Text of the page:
On the wider matter of the rise in bingo duty, I also said that the fairness of the Government’s proposals would stand in question until the High Court had ruled. The Court’s decision clearly reveals the proposals to be unfair, and our initial impression that they are a pre-emptive grab for revenue has been shown to be correct. Although taxing bingo at a higher rate than comparable forms of gambling could be justified in the context of a cut, it is hard to understand it over the longer term in the very different context of a tax increase. A future Conservative Government will hope to address that imbalance as time and the public finances allow.

Will the Government appeal the High Court’s decision further? The Minister has said that she has not yet made up her mind, and I think that she has a few days to do so. It would be helpful if she told us some of the considerations that will be thrown into the mix when the Government decide whether to appeal the decision. Our debate would be put in its proper context if we had a feel for whether the court case will continue or not.

Photo of Alison Seabeck Alison Seabeck Chair, South West Regional Select Committee

I rise to highlight some problems faced by my constituency. We have a Mecca Bingo that thrives, in the main, but that has been badly hit by the smoking ban. Its members broadly welcome the clause, because any encouragement for them to participate—

Photo of Alison Seabeck Alison Seabeck Chair, South West Regional Select Committee

No, I will not for the moment. I want to put my constituents’ concerns on the record before taking an intervention. My constituents are keen for the Mecca Bingo, which is in one of the poor areas of Devonport, to survive and thrive. Also, a lot of people work at the bingo hall, and I have received many letters from employees—a group who have been largely ignored during today’s debate—who want to ensure that their jobs continue. Confusion has arisen because, with a High Court judgment pending, people will be uncertain for a little while longer about the exact impact that the judgment will have in terms of the tax that the company will have to pay, and therefore the company’s view of the viability of that bingo hall. We have heard of bingo halls that have closed in other parts of the country.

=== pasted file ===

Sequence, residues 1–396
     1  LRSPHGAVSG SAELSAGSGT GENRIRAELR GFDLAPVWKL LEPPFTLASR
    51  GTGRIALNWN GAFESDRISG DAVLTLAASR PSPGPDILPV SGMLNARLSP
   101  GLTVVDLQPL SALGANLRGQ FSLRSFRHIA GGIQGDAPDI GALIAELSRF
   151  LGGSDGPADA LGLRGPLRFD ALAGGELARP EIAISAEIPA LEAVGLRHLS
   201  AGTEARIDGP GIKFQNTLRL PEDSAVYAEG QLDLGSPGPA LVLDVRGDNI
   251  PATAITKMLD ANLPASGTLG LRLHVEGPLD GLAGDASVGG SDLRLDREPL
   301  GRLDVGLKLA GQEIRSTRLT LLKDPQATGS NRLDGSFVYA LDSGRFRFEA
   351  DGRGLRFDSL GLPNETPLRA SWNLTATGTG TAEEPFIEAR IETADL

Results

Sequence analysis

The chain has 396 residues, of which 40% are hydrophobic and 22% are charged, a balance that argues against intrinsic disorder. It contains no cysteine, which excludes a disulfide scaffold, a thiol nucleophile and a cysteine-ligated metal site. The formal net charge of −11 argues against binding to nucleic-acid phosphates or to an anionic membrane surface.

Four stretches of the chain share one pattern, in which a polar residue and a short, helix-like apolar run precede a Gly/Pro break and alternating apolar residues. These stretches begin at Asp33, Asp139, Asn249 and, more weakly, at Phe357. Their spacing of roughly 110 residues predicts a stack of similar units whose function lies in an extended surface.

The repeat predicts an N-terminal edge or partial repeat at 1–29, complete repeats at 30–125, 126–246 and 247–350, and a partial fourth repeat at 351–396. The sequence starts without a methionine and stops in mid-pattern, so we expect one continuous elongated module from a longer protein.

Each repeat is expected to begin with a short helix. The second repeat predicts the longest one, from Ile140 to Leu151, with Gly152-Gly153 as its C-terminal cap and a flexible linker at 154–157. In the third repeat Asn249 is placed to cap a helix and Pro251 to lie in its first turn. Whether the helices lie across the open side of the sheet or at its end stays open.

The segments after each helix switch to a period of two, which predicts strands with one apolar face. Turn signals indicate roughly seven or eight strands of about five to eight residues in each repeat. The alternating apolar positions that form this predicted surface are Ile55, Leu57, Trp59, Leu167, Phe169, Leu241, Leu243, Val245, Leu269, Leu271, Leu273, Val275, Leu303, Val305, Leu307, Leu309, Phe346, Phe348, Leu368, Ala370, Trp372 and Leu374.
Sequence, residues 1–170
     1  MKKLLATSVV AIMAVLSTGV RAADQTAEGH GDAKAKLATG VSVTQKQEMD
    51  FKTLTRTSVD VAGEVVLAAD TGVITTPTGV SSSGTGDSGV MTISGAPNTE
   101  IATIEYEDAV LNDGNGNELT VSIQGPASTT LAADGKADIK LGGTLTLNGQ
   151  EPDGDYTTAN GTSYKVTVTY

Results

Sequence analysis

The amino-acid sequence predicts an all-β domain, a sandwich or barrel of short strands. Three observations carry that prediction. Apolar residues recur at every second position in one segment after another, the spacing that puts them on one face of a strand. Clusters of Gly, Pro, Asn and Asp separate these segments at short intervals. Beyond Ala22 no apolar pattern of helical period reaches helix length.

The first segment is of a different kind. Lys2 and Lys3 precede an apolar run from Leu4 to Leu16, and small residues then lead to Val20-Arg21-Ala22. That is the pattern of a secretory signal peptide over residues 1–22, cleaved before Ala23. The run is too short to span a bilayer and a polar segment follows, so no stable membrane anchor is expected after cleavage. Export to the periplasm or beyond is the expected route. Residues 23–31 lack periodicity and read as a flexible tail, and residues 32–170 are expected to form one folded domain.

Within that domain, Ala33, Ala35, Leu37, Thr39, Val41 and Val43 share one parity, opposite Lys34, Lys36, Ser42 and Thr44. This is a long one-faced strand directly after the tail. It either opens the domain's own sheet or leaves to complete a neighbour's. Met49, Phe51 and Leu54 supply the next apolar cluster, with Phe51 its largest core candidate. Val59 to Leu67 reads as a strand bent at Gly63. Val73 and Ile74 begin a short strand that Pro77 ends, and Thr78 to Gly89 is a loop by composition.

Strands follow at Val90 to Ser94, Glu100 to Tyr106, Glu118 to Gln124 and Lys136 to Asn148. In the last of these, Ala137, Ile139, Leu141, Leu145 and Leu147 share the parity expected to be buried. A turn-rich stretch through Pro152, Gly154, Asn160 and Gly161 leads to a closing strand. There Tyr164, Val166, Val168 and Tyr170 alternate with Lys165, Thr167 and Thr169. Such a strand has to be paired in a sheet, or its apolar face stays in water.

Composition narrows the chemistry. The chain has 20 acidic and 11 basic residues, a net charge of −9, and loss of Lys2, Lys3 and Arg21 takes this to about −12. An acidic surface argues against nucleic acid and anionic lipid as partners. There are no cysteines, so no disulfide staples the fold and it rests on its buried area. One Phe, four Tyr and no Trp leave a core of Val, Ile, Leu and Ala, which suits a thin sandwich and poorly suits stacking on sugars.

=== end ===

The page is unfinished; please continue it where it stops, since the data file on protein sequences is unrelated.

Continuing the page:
The Bill’s Report stage is a few weeks down the line. I hope that HMRC and the Treasury will have enough time in the intervening period to take a view on the High Court’s decision, that they will introduce clear proposals to ensure that the bingo industry is made secure, and that my constituents will be able to continue to enjoy bingo in Plymouth.

Photo of Mark Field Mark Field Conservative, Cities of London and Westminster

Will the Minister indicate just how detrimental an effect the measure may have on the bingo industry at large, and give a perspective on the number of bingo halls have closed in the past three to five years? As the hon. Member for Plymouth, Devonport has pointed out, the Government’s smoking ban has been a major factor in some of the closures, and the measure we are discussing will be a second hammer blow.

I do not suggest that my hon. Friend the Member for Hammersmith and Fulham did not demonstrate his characteristic good sense as he spoke for 35 minutes, but the nub of the argument is the difference between the duties on bingo played in a licensed club and those on online bingo, which are 22 and 15 per cent. respectively. Why on earth do we have that ludicrous disparity? It is one thing to say that bingo is such an undesirable activity that it needs to be heavily taxed, but on what basis is online bingo worthy of the lower, standard 15 per cent. tax, while club bingo is taxed at 22 per cent? It simply makes no sense.

Photo of Sarah McCarthy-Fry Sarah McCarthy-Fry Parliamentary Secretary, HM Treasury

I am sure that members of the Committee will be pleased to know that I do not propose to rehash the debate on clause 20 that took place on the Floor of the House. I will, however, respond to the specific points that have been raised, particularly in relation to VAT.

First, I shall deal with the question about appeals. The decision on whether to appeal is not mine to make; it is for HMRC to decide whether to appeal, and it is now looking at the legal arguments. As I said, a decision will be made in time, as it has to be.

Another question was whether Red Book figures are based on the law as it stands at the time, or whether they are based on the perceived actual amount of VAT to come in.

Photo of Brian Binley Brian Binley Conservative, Northampton South

The Minister just said that she had no ability to influence or to seem to influence HMRC. Does that mean that HMRC can, on its own discretion, spend taxpayers’ money willy-nilly on an appeal that is so antisocial?

Photo of Sarah McCarthy-Fry Sarah McCarthy-Fry Parliamentary Secretary, HM Treasury